// BarryBlog //

A creative dumping ground for issues that interest me personally and professionally, with the thought they may interest you too. Issues such as the business of design, the design of business, the design of objects, design strategy, creative direction, innovation, creativity, thought leadership, observations, as well as recommendations, mid-century modern decorative arts and architecture, and the state of my thinking (and currently the state of my heart).

Wednesday, May 23, 2007

The Colleague Who Spikes the Ball

In my humble design career, I’ve served in rather obscure firms that were void of fanfare. In these jobs I’ve had the privilege of working and serving with some supremely talented individuals. Generally speaking these are normal people who set out to do great work without the need to seek attention or notoriety for doing so, and in retrospect have been mentors to me.

One such person is a current colleague and friend, Dan. Dan shared with me today an incredible insight regarding experiences he's had working with people who seek attention and those who do not. He shared with me how Hall of Fame NFL football player Walter "Sweetness" Payton, after scoring a touchdown, would hand off the ball to a lineman so they could spike it in the end zone—a place he found himself quite often. I had never really thought about that simple act, but Dan explained why Walter did that.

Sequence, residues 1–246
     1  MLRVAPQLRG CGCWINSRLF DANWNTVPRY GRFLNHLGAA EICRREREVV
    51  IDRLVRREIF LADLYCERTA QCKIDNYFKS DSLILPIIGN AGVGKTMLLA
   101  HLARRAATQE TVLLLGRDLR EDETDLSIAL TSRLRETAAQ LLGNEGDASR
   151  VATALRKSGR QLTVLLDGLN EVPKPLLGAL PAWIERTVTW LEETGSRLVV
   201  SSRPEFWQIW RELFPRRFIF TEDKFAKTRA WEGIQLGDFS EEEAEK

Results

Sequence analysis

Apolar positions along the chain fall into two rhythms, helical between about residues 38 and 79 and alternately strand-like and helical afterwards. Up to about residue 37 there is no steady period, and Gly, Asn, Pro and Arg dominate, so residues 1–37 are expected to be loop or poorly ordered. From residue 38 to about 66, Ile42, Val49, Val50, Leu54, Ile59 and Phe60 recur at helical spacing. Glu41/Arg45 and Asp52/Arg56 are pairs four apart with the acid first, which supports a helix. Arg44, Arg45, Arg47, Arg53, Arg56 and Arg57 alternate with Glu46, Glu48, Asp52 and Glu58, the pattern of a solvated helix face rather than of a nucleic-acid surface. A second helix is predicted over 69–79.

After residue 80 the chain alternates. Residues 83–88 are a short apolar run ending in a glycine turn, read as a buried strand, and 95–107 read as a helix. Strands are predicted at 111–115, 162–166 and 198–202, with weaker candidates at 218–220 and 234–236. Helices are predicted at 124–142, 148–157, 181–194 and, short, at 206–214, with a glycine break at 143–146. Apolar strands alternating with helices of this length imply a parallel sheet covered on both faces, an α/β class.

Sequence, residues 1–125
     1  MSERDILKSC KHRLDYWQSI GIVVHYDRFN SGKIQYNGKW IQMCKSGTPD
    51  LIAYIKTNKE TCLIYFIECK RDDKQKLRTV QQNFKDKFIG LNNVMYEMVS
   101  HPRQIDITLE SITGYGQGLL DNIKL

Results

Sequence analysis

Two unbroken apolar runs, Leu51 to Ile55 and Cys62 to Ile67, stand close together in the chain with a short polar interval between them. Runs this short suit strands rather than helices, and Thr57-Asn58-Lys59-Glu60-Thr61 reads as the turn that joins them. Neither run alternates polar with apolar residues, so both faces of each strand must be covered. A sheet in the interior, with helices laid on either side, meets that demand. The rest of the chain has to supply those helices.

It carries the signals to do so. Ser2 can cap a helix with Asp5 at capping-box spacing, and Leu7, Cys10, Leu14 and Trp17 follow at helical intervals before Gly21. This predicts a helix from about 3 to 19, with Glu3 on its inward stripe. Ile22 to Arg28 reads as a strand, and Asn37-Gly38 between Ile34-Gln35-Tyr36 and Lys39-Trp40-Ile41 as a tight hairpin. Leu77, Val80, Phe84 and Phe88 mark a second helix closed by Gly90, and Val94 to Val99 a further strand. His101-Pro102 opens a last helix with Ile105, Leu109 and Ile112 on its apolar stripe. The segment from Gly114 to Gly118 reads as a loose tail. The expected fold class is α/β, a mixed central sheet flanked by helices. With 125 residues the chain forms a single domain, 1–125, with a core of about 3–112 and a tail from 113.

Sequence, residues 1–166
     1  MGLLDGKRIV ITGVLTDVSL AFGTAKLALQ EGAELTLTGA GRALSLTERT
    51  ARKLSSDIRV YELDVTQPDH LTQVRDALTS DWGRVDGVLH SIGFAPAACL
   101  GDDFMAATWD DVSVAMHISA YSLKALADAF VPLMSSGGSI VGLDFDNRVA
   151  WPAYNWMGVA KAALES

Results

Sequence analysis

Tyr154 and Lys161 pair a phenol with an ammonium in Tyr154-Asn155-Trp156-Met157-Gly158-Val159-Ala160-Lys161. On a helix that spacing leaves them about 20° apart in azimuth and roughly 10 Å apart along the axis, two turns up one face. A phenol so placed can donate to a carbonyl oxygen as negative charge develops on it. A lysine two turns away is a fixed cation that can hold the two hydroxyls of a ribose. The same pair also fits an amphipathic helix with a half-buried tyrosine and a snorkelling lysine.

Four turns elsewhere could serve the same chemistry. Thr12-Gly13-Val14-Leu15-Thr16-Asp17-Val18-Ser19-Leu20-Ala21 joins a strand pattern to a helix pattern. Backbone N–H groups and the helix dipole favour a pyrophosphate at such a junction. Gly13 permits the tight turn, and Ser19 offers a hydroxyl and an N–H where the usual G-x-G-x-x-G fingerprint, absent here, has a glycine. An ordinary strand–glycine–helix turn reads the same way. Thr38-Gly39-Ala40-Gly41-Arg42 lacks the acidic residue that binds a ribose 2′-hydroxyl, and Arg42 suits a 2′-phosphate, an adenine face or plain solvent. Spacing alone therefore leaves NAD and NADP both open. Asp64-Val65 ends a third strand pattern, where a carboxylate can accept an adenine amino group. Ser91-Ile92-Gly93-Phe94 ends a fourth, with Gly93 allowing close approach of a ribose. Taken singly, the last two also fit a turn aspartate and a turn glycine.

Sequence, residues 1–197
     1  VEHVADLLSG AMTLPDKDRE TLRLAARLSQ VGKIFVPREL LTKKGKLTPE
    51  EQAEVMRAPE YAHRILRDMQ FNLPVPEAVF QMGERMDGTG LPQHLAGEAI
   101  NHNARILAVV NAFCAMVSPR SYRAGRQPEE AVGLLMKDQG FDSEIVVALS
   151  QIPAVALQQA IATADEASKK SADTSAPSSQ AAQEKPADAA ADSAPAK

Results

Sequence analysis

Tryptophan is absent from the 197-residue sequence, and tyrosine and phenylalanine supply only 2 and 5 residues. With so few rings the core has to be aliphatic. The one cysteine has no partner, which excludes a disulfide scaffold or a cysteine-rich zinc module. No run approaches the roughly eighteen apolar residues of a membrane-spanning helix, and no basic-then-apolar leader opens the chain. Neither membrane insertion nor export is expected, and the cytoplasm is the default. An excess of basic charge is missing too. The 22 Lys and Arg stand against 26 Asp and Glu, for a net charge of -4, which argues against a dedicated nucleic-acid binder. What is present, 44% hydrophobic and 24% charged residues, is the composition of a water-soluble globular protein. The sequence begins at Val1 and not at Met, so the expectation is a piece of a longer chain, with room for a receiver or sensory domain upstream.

Dan said that in part, Walter Payton never wanted people to get the impression it was his FIRST touchdown.
He fully expected to score a touchdown each and every time he touched the ball. In fact, that was his job—a job he did better than anyone who ever played the game, so he never felt the need for attention in this fashion. Secondly, he enjoyed sharing the celebration with those who helped him get there.

I'm sure you’ve all experienced working with a colleague who finds the need to spike the ball. You can spot these people from a mile away, though these people don't often realize it for themselves. But in Dan I am honored to be working with someone who selflessly hands the ball to others, so they can share in the team's successes.

I thank Dan for being a mentor. To me and to others. He does so by what he does, rather than what he says (or doesn't say). His actions speak louder than any spike ever could. And for that, and specifically for our in-house design team, I salute him.

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3 Comments:

Blogger Amy_Kathleen said...

Thanks Barry, that is great food for thought. It's also great to recognize those people who come alongside us to push us and the common goal forward.

3:53 PM  
Blogger studiosmith said...

Thanks for the comment Kathleen. What impresses me is just who has helped push that ball forward when in retrospect you might never have known. Others do it for the credit. Guess that's my main point. Though I will say it's not real common anymore to actually get credit for anything. So perhaps some feel the need to ring their own bell. Oh well, who am I to judge. Just a thought.

5:54 PM  
Anonymous Liz Ness said...

This is a great story! Also, it is an awesome tribute to a friend and mentor. Thanks for sharing, Barry!

10:02 PM  

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